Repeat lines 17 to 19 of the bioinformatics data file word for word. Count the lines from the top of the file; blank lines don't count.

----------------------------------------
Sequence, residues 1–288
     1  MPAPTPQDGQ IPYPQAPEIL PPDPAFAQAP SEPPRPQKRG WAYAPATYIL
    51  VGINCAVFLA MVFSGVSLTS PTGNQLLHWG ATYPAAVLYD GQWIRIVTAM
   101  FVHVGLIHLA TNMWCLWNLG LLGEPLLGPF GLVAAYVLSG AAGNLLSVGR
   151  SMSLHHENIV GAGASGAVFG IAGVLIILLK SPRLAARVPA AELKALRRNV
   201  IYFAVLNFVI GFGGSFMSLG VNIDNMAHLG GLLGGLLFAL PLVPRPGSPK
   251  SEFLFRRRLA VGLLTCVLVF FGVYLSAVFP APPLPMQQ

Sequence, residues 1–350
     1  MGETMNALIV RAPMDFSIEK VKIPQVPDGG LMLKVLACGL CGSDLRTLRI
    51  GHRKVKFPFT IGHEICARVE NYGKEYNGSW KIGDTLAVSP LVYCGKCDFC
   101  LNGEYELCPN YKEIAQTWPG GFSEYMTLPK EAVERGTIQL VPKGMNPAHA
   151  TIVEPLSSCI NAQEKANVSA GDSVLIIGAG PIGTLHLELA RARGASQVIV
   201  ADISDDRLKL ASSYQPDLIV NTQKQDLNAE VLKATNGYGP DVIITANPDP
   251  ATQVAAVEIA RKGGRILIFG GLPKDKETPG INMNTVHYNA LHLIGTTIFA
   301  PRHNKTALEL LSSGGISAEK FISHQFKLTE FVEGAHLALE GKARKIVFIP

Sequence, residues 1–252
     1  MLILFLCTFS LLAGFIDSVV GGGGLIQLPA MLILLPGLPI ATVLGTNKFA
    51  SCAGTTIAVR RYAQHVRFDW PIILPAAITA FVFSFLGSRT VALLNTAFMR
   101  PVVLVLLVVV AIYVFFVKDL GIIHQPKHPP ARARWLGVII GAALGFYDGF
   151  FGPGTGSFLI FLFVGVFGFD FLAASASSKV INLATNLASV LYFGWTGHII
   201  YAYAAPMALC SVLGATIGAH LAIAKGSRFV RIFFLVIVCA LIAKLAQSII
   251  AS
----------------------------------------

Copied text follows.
     1  MLILFLCTFS LLAGFIDSVV GGGGLIQLPA MLILLPGLPI ATVLGTNKFA
    51  SCAGTTIAVR RYAQHVRFDW PIILPAAITA FVFSFLGSRT VALLNTAFMR
   101  PVVLVLLVVV AIYVFFVKDL GIIHQPKHPP ARARWLGVII GAALGFYDGF